How to

How to Build a Site Search UI


You need a powerful search backend + a well-designed UI

Depending on the purpose and scale of your website, search can be a critical feature that enables your users to quickly find the information they need. Elasticsearch makes it significantly easier to architect a search engine that delivers relevant results, but building your search backend is only part of the work of implementing a search experience. Without an intuitive search interface, your users may not get the full value of your search engine.

What we’ve learned as search providers

Elastic Site Search (formerly Swiftype Site Search) provides search as a service to completely handle the backend of your search engine, and we also help you build well-designed search UIs. Site Search is built upon the Elastic Stack which has enabled us to support over 10,000 production search engines and serve over 5 billion queries a month. It’s safe to say that we’ve learned a thing or two about search over the years as we’ve helped small and large companies like Lyft, AT&T, Twilio, Asana, and Samsung provide top-notch search experiences. If you’d like to learn more about Swiftype’s architecture and use of the Elastic Stack, check out this webinar.

In our experience helping these organizations and many others with search, we’ve been able to see what works well when it comes to search UIs and apply those learnings to both our out-of-the-box search interface as well as our jQuery libraries that we support for creating fully custom UIs. While building a great search interface can take some effort, we’ve consistently seen companies reap the rewards of implementing well-designed search UIs which include revenue growth and better user engagement.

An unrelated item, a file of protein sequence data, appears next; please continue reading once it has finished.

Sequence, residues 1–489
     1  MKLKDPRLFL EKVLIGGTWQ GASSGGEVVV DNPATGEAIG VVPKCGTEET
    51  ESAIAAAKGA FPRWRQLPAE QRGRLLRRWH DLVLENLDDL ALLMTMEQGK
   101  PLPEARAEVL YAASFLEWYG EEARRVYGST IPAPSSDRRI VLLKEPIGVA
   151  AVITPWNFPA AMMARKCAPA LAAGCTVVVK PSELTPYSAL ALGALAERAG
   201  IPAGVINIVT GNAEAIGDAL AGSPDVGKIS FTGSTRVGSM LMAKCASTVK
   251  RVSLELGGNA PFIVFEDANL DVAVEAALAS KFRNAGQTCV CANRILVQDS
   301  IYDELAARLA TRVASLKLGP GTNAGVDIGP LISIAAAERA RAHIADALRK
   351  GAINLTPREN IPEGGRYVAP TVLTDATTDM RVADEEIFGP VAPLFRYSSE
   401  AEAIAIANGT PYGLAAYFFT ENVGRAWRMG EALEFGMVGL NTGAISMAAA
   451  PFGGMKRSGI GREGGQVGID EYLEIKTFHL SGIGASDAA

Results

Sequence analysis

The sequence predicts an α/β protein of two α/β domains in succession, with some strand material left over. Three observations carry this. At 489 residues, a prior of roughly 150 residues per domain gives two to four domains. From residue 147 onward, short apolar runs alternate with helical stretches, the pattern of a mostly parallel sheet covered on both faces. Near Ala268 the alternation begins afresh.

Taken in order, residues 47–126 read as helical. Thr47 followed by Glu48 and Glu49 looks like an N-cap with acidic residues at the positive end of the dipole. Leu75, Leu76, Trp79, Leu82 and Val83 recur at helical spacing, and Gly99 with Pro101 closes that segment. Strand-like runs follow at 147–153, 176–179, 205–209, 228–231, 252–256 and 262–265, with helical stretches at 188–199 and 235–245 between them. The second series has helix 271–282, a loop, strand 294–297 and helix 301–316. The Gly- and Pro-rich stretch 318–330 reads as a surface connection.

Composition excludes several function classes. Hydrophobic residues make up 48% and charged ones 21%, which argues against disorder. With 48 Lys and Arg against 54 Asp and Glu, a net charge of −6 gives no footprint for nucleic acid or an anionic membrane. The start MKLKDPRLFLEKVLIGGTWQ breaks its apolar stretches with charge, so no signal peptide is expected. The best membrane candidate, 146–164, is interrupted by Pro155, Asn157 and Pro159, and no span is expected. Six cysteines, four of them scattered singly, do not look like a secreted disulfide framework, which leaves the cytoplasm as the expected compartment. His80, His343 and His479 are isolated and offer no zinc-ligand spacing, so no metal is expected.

Step 1 — Create an Elastic Site Search account and index your data into Swiftype

You can sign up by starting a free 14 day trial. During set-up, Site Search will ask you to input your web domain. Your domain will be crawled and your documents will be indexed.

Step 2 — Customize your search results

Elastic Site Search enables you to customize search results on a query-by-query basis (result ranking), adjust the weights placed on your data types (weights), and create synonym groups through a dashboard (synonyms). For full programmatic control of your search engine’s relevancy, you can leverage the Swiftype API.


Step 3 — Implement your search bar

How you preform step 3 is determined by whether you used the crawler or API to index your data.

How to implement your search bar if you indexed your data with the crawler:

If you used the Swiftype crawler to index your data, then you can copy the code given to in your dashboard and paste it onto your web pages where you want a search bar to appear. As noted in your dashboard, if you already have a search bar on your website, you will need to add the class ‘st-default-search-input’ to that input field.


Since you’ll likely want your search UI to match the design of the rest of your website, Elastic Site Search makes it easy to customize the appearance of your search bar and results container. To customize your search installation, simply click the “Edit Install Setup” or “Edit Appearance” cards under the “Customize Your Installation” portion of the onboarding flow. You can also access the customization features by clicking the “Install Search” tab on the dark blue side bar.